In 2017, the IT department launched a large-scale programme to digitise CERN’s multimedia archive of the 20th century, the results are now beginning to emerge. Around 2000 hours of audio material were digitised in 2019, and now the colour photo collections are available too.
Some 200 000 images in the form of negatives or large and medium-format slides have been converted into TIFF format, for preservation purposes, and into JPG format to be accessed by anyone who is interested, anywhere in the world. After their escapade at the scanning facilities of various specialised contractors, the originals have now been safely returned to the drawers where they live in CERN’s archives.
The recent period of lockdown was put to good use to transfer all the digitised images back to CERN for storage in the photo repository of the CERN document server (CDS). Many images were linked to an existing album in the PhotoLab archives where they now sit alongside the 100 000 black-and-white stills processed in 2014. When an album could not be identified, the images were simply classified by year, month and day of shot, or using any other piece of information available on the sleeves in which they had been stored. A lot of work is still needed to classify these images and to produce captions.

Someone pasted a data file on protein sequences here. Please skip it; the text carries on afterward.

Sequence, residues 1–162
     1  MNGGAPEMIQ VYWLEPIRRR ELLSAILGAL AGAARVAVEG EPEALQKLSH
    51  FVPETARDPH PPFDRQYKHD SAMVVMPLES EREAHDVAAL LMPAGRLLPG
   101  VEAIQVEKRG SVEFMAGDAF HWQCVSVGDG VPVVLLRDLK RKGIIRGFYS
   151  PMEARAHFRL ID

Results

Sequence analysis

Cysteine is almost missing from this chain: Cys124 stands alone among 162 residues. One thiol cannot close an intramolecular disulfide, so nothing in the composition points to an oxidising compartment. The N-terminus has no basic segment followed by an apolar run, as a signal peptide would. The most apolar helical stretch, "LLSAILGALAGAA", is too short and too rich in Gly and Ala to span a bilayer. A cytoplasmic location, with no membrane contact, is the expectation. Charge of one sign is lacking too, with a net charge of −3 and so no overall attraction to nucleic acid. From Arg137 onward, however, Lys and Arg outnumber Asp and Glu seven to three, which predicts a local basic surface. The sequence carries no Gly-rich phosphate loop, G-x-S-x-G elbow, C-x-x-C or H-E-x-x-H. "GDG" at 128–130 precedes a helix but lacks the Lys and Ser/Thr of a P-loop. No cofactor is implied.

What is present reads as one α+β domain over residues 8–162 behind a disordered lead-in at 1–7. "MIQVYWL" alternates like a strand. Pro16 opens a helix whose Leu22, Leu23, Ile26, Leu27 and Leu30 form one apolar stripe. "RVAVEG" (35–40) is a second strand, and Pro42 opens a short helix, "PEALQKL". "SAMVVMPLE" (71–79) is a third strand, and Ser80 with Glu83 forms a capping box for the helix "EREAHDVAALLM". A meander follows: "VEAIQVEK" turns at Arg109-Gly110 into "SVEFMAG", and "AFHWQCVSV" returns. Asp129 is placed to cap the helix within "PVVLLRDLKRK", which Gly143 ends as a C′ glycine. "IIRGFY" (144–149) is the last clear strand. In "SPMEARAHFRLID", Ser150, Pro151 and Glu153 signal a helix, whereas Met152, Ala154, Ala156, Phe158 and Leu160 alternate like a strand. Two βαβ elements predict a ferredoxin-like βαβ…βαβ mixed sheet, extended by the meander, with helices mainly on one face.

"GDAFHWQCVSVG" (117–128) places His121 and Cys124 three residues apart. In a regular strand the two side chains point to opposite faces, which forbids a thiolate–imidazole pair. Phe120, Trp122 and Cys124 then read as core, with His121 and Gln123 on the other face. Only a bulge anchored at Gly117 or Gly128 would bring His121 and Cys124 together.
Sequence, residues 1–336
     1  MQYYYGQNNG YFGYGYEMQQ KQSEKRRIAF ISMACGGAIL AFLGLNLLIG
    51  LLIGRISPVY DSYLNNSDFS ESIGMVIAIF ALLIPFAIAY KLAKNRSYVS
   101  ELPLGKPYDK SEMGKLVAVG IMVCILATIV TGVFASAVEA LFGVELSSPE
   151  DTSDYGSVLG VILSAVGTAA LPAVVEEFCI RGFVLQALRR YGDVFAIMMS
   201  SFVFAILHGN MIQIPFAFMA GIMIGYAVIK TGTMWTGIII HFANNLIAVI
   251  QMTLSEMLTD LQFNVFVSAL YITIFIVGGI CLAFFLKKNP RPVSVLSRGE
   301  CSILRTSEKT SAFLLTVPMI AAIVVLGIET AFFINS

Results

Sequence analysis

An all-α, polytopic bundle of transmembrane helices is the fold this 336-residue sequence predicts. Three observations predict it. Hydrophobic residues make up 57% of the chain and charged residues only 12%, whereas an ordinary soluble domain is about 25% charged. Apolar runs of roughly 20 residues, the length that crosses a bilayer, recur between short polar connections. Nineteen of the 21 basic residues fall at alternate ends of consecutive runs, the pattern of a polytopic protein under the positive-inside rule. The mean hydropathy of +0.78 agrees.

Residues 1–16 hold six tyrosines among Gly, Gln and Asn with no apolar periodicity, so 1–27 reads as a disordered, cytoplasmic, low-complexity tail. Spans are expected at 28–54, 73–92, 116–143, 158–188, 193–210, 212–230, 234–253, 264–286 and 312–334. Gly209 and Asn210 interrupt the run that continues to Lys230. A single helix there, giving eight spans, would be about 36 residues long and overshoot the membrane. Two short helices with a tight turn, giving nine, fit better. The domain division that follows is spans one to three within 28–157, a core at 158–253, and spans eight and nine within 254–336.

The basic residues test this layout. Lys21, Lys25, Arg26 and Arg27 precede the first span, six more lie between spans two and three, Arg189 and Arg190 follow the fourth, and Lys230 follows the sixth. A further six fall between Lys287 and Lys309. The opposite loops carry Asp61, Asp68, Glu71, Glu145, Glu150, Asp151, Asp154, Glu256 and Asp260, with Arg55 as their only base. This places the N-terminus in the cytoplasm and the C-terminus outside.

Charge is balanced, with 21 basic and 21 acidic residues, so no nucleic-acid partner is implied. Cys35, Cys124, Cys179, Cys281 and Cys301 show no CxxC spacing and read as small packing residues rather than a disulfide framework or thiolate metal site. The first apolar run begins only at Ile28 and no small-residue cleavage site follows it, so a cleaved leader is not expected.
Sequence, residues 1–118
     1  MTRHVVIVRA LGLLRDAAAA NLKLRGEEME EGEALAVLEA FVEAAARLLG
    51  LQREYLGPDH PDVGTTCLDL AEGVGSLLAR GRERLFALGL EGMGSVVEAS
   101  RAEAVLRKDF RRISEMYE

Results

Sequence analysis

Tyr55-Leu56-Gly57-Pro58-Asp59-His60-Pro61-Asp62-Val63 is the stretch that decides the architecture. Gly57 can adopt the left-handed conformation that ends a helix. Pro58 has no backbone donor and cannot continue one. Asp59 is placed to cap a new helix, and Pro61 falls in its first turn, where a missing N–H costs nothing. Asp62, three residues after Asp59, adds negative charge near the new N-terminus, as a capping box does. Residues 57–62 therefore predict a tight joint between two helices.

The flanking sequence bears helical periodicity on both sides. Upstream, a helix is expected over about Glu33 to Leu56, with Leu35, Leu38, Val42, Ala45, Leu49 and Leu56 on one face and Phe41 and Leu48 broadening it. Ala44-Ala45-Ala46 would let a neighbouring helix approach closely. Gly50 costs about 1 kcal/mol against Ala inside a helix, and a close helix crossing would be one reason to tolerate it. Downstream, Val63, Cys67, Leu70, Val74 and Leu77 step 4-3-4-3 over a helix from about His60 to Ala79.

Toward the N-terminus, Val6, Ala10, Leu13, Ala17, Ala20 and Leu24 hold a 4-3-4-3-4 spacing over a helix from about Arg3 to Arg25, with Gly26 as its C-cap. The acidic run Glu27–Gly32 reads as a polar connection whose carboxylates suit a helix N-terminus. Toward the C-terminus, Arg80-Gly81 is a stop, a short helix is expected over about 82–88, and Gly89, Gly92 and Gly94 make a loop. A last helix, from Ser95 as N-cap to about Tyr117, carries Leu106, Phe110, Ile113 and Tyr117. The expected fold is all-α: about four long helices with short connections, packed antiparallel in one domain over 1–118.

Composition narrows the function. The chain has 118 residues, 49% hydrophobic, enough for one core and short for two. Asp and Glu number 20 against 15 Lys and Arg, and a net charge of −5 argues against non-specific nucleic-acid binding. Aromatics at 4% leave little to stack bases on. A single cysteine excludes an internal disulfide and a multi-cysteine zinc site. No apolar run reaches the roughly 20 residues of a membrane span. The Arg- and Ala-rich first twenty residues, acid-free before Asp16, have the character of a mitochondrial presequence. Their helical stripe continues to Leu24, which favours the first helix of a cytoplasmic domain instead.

The help of the CERN Library and retirees in the alumni network was enlisted to identify the subject matter, with the aim of documenting the whole chapter of CERN’s history from 1980 to 2000. Whether it’s a photo of technical infrastructure, an aerial view of a construction site or a portrait of a CERN figure, these collections are of such high quality that it’s well worth enriching them with captions for the greater enjoyment of everyone who consults them.
Take a look at the albums already available here: http://cds.cern.ch/collection/Color Images Archive or at the universe of unidentified photos and feel free to make suggestions ! If you’re a retired member of the CERN personnel, please get in touch with the Alumni Relations office at email@example.com to find out about future alumni events relating to CERN’s digital memory.
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